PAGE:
Date.prototype.tzData = [ // Central
{ stamp:1225609200000, tz:360 }, // Nov 2, 2008 (future)
{ stamp:1205049600000, tz:300 }, // March 9, 2008 (current)
{ stamp:1194159600000, tz:360 }, // Nov 4, 2007 (prev)
{ stamp:1173600000000, tz:300 } // March 11, 2007 (year ago)
];


This sample tz data has no Daylight Savings Time changes.

Date.prototype.tzData = [ // India
{ stamp:1, tz:-330 } // No Daylight Savings Time
];


Why not use the Server for All Date Conversions?

The presentation side has to perform calculations on dates other than those contained within the data set. While we could go back to the server for each date we wish to show on a chart axis (every 2nd day, for example), doing so would not be an efficient solution to the problem. Performing computational tasks on dates or sending all date strings that might need to be displayed from the server to the client are not really feasible solutions. The presentation engine might wish to zoom in on data and should be able to do so without going back to the server.

Date Object Extensions

These functions are analogous to the corresponding Javascript get/set commands except that they act with the knowledge of the user's configured timezone. This means that they have knowledge of the necessary corrections when adding or subtracting time.

setLocalFullYear(y[,m,d])

Sets the local year (and optionally month and day of the month).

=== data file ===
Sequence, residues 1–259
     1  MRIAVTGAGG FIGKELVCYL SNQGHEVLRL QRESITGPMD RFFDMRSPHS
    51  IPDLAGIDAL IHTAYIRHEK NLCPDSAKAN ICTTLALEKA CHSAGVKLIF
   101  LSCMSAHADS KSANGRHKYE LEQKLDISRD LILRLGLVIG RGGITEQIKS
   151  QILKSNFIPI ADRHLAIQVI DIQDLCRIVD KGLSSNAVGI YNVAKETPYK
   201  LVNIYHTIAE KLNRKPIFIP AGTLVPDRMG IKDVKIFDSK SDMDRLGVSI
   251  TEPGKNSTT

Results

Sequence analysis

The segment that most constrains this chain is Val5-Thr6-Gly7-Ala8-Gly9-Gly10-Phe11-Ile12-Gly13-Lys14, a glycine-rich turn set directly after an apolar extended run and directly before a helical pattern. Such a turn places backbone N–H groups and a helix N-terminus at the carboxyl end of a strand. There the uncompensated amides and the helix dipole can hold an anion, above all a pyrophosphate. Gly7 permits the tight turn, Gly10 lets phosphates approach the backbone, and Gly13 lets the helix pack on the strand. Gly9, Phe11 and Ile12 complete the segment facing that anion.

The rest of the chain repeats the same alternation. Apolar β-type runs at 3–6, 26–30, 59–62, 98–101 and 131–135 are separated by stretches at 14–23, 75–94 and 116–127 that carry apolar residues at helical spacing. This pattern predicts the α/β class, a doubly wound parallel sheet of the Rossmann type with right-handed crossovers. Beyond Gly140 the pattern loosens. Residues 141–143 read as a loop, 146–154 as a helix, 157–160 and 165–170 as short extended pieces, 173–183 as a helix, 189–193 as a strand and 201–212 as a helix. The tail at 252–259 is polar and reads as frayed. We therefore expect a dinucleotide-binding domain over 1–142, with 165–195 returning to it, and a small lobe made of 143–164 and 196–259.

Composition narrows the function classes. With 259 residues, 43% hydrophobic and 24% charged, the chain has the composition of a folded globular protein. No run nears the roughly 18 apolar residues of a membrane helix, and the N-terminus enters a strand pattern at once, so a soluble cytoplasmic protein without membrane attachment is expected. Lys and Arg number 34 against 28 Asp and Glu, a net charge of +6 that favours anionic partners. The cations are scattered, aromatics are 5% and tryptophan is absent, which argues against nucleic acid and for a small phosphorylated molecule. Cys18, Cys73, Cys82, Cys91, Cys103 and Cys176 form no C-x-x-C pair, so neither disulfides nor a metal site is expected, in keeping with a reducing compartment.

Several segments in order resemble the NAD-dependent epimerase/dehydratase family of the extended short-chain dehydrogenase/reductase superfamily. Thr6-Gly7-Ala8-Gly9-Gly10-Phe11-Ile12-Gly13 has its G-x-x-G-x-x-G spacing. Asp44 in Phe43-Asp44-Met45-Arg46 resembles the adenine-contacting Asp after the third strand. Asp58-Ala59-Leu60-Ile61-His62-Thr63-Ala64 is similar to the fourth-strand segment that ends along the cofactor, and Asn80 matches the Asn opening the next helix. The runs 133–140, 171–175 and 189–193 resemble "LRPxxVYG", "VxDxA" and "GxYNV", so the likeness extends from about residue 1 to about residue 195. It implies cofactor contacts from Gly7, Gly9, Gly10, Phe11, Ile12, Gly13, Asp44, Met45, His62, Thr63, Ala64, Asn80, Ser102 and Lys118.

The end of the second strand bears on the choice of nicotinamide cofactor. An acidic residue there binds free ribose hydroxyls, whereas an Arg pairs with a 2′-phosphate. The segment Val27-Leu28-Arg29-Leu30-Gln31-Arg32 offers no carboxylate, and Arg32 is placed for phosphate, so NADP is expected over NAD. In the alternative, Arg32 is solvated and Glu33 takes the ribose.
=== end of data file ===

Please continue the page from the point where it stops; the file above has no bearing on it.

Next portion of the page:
setLocalMonth(m[,d])

Sets the local month (0-11, and optionally day of the month).

setLocalDate(d)

Sets the local day of the month.

setLocalHours(h[,m,s,ms])

Sets the local hour field (and optionally minutes, seconds, and milliseconds fields)

setLocalMinutes(m[,s,ms])

Sets the local minutes field (and optionally seconds and milliseconds fields)

setLocalSeconds(s[,ms])

Sets the local seconds field (and optionally the milliseconds field)

setLocalMilliseconds(ms)

Sets the local millisecond field

getLocalFullYear()

Returns the local full year.

getLocalMonth()

Returns the local month (0-11)

getLocalDate()

Returns the local day of the month.

getLocalDay()

Returns the local day of the week.

getLocalHours()

Returns the local hour field.

getLocalMinutes()

Returns the local minutes field.

getLocalSeconds()

Returns the local seconds field.

getLocalMilliseconds()

Returns the local milliseconds field.

format(type)

The Date.format extension provides a standardized way to display a large number of date formats. You specify which fields you wish to display and format() will display them in the appropriate order and with the correct separators.

"Ymdhms" full year, month, day, hours, minutes, seconds

"Ymdhm" full year, month, day, hours, minutes

"Ymdh" full year, month, day, hours

"Ymd" full year, month, day

"ymdhms" year, month, day, hours, minutes, seconds

"ymdhm" year, month, day, hours, minutes

"ymdh" year, month, day, hours

"ymd" year, month, day

"mdhms" month, day, hours, minutes, seconds

"mdhm" month, day, hours, minutes

"mdh" month, day, hours

"md" month, day

"hms" hours, minutes, seconds

"hm" hours, minutes

"h" hours, am/pm

"Month" long month, eg. March

"month" short month, eg. Mar

"Day" long day of the week, eg. Sunday

"day" short day of the week, eg. Sun

"Date" full year, month, day

"date" year, month, day

"time" hours, minutes, seconds

format() supports custom formatters as per datejs.

For example, "MMMM d tt" could return "March 9 PM"

Internationalization and Localization

The format used for dates varies by country. For example, for FR (France), dates are printed as dd/MM/yyyy while for US, dates are printed as MM/dd/yyyy Currently, the Date.format() extension determines the date format the user will see based the language that is reported by the browser. However, this may one day become a user configurable timestamp.